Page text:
Once you have obtained your rating by answering the questions truthfully, you will then be given an opportunity to appeal your self-rating by manually filling out a USTA Player Background Form. On this form, you can then explain your playing history and provide an explanation as to why you should have your self-rating lowered. On many occasions, players who have fully disclosed their player backgrounds have had their self-ratings adjusted. On the other hand, many players who have attempted to "game" the system by failing to fill out the Self-Rate Profile correctly, or worse yet, have compounded their deception by failing to answer the USTA Player Background Form truthfully, have not seen their ratings lowered. In many cases, these ratings are adjusted to a much higher level than if they had answered the questions truthfully. In short, players who tell the truth are given the benefit of the doubt and players who attempt to deceive are not.
Many players have come before our committee on Self-Rate Grievances who have failed to disclose their true tennis backgrounds. In each and every case, they have attempted to "fly under the radar" and are shocked that their true identities have been revealed. In today's computer age, it's very easy to identify a self-rated player. Just Google their name and it will reveal a wealth of information about their tennis background. Many self-rated players have misspelled their names, used married names or have changed their names altogether in order to hide their true identities. In many of these cases, their attempts have failed. Someone knows someone who knows that player's true tennis background.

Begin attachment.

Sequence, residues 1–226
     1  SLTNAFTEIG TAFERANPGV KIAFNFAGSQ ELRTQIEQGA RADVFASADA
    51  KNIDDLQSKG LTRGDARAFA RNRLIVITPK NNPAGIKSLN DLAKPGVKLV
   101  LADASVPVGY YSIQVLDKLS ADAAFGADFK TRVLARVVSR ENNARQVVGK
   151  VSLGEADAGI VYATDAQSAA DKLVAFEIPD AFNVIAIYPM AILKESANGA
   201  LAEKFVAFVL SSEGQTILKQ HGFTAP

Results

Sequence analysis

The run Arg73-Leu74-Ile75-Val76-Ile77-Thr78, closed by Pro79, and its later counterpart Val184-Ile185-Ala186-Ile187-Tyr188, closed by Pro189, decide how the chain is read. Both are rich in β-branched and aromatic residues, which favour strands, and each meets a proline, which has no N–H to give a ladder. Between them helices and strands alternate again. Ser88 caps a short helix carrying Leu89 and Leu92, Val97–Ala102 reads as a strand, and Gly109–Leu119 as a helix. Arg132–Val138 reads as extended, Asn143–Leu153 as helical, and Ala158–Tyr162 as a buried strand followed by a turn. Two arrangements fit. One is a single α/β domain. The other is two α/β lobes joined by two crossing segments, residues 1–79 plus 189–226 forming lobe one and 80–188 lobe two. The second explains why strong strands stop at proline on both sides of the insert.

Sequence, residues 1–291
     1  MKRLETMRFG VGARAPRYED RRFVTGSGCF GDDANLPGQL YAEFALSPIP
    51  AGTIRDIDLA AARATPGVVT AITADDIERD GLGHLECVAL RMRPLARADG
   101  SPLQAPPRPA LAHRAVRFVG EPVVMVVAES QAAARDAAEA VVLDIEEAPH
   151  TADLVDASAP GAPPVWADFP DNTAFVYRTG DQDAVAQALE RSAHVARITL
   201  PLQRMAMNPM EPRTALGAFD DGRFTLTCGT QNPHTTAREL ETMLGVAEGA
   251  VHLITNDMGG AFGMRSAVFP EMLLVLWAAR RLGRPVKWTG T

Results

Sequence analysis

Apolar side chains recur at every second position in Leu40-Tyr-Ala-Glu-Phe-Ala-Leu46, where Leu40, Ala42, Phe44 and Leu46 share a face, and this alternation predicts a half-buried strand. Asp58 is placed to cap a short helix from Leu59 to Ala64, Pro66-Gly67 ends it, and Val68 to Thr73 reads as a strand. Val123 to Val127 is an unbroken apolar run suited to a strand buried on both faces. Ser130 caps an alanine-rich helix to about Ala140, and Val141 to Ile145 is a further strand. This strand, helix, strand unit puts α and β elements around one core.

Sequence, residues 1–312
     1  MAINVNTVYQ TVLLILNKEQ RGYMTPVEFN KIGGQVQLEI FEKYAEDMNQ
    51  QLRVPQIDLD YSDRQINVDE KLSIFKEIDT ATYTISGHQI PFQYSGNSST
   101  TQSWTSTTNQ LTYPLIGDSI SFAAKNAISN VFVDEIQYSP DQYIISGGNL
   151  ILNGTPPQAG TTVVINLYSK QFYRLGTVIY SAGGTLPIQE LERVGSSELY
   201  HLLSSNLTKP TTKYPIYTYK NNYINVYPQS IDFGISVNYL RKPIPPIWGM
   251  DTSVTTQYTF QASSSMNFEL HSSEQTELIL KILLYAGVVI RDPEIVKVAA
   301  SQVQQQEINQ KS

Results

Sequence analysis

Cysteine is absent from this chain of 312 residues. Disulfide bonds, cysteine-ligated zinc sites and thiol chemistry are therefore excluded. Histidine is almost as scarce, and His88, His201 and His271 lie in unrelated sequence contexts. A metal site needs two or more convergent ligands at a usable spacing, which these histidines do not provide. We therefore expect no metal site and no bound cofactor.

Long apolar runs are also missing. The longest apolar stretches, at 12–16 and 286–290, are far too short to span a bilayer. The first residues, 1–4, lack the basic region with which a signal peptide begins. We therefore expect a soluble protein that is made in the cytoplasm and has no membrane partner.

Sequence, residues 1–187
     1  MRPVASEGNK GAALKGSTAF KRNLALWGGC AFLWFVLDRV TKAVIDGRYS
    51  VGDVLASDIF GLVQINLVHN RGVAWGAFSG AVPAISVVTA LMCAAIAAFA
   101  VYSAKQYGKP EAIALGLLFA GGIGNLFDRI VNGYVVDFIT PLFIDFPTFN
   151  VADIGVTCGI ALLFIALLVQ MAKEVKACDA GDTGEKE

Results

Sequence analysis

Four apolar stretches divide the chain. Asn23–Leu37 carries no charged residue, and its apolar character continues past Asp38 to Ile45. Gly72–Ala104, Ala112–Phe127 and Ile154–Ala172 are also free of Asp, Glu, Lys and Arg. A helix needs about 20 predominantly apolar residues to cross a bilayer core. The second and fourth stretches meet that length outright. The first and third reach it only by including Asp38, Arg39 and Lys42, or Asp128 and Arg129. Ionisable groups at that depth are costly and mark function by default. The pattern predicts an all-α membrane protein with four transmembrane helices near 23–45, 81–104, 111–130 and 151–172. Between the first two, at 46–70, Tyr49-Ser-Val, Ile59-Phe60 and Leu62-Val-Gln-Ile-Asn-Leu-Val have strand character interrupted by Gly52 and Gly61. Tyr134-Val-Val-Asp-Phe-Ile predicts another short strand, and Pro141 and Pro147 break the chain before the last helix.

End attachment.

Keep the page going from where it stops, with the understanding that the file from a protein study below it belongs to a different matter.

Whether a first-time player is playing third doubles or first singles, I can almost guarantee someone is watching their match results. Attempts to play sparingly and play close matches or take losses do not factor into many of our decisions. A player's background history, especially if there is deception when self-rating, will always take precedence over match results. The Grievance Committee has granted grievances and re-adjusted ratings on players who have played one match at third doubles and have lost if it has been revealed that their player profile was answered inaccurately.
Per the Eastern Director of Adult Leagues in the last 10 months, more than 280 players who have self-rated honestly have had their ratings manually re-adjusted to a lower level given to them by the computer. Whereas, they may not have been lowered to the level requested by the player, they nonetheless have been lowered taking into account outside factors such as age, tennis history and medical. Less then 20 players have been denied to have their initial self-ratings lowered. National has made it quite clear that visual verification of a player’s level is not going to come back to league tennis. First off, there is a shortage of people willing to do the training necessary to accurately verify players. As stated above, there is no consistency in visual verification across the country and the unfortunate reality is that there is no budget to pay for it. Ideas such as increasing registration fees to pay teaching pros to watch matches are economically not feasible and would be a logistical nightmare. Providing captains with challenges is a novel idea, but one that would be abused and burden local league coordinators who already have too much on their plate. In the Eastern Section alone, approximately 23,000 players participate in leagues each and every year, of which around 2,000 of those players advance to Section Championships. Long Island alone has more than 4,000 players who have registered to play league tennis. Even taking into account some players who play on multiple teams the individual number of players is still very large. Many of them who are playing for the first time and have self-rated accurately.
We can all agree that no rating system is perfect. The National Tennis Rating Program (NTRP) was designed as a “self-rate” system to provide compatible play and allow for quick easy participation. Let's not lose sight that the goal of league tennis is to socialize with friends, promote the sport, and play some good competitive matches. Sure, all of us would love to play at a Section Championship or attend a National Championship, but at what cost? One thing is for sure, “gaming” the system is not the answer.